Clause 10 — Consent to prosecution

Part of Business of the House – in the House of Commons at 3:02 pm on 7th April 2010.

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Photo of Bill Cash Bill Cash Conservative, Stone 3:02 pm, 7th April 2010

I strongly support the Bill, but I would like to make one point that relates to a Bill that I introduced a couple of years ago: the International Development (Anti-corruption Audit) Bill. I speak as the chairman of several all-party groups on matters relating to the third world and developing nations, including Uganda and Kenya, and to the sanitation of water. At that time, I had a lot of discussions with people from the National Audit Office, the Public Accounts Committee and the Department for International Development. It emerged that there was a problem elsewhere in the world, and I know that this Bill addresses that problem, as does the OECD report.

I wonder, however, whether there will be sufficient sanctions in place for those who engage in bribery and corruption in third-world countries and elsewhere. This is not just a problem for the third world; it is found in the European Union and all other parts of the world. I am worried about what might happen if we do not have a sufficient degree of sanction in relation to the aid that we give, in terms of any restrictions that might be imposed after a warning has been given. If a Government have been given an opportunity to correct their behaviour and they simply do not do so, we might be left with a problem.

We can deal with this issue as a matter of domestic law here in the UK, and I know that the CBI, the Federation of Small Businesses and other organisations have been engaged in consultations with the Minister about how the guidance will operate. These problems will, however, have a serious impact, because so much of this goes on in those countries where the aid money does not reach the people who really need it. At that level, it is essential that the provisions in the Bill relate to what goes on in the countries concerned. If we cannot stop the corruption happening there by using our powers under the International Development Act 2002-which could be amended-I do not think that we will be able to solve the problem.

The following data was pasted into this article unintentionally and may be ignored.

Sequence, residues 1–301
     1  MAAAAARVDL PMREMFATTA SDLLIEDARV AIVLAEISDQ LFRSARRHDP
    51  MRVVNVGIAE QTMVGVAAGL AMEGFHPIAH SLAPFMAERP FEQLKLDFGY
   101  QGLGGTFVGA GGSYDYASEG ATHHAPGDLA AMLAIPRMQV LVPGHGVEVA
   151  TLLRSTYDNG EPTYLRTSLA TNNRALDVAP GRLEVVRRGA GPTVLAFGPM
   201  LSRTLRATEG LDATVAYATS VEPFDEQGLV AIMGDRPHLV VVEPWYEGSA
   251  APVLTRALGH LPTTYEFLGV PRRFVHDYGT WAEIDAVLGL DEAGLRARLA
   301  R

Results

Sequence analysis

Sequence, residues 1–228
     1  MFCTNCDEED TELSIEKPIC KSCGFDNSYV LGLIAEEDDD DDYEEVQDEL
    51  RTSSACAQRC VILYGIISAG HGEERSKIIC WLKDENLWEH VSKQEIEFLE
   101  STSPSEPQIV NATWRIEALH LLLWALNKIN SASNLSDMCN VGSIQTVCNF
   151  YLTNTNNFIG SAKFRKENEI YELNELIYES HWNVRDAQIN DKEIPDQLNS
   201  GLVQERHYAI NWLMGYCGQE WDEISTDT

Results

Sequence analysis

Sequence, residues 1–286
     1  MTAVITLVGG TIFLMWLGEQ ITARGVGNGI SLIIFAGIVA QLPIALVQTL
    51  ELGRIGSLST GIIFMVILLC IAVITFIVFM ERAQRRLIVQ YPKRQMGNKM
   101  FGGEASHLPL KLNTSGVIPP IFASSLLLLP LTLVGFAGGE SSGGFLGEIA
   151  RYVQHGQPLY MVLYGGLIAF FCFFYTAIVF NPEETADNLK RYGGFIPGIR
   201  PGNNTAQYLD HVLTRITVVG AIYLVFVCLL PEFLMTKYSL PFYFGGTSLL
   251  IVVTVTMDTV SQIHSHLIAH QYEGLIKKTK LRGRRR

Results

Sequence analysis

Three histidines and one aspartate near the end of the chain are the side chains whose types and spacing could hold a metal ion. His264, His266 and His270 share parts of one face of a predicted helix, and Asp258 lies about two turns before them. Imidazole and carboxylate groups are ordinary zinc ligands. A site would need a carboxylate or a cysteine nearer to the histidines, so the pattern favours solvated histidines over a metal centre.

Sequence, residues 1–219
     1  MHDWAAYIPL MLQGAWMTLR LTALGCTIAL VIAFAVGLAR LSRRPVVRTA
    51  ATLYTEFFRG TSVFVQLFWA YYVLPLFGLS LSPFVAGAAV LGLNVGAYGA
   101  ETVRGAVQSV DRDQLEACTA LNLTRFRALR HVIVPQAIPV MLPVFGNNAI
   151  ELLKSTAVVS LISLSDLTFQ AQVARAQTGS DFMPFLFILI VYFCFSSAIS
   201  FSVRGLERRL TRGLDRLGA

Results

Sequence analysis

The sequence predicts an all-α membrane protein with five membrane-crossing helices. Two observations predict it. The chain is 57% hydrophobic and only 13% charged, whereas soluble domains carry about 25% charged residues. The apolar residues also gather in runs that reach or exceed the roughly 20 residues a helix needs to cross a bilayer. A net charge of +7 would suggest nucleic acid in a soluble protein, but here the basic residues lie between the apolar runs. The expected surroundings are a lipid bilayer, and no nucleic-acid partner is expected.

Perhaps it will never be possible for the whole problem of bribery and corruption to be solved; it has been going on since the world began. The fact is, however, that the Bill does not go quite far enough in tackling the inability of those people to receive the money that is intended for their benefit. The other side of the coin is the necessity to stimulate self-help and enterprise, thereby building up the economies of those countries.

I have had discussions with Hugh Bayley and others who deal with those countries that are prone to bribery and corruption as a way of life. I have also discussed these matters with Transparency International, and with the Global Infrastructure Anti-Corruption Centre, and I have no doubt that they have what the House of Commons Library note describes as

"impressive anti-bribery strategies on their websites", but I am not convinced that we have grappled with this enough. I do not think that we have quite got there, although I do support the Bill.

Question put and agreed to.

Bill accordingly read the Third time and passed, with amendments.

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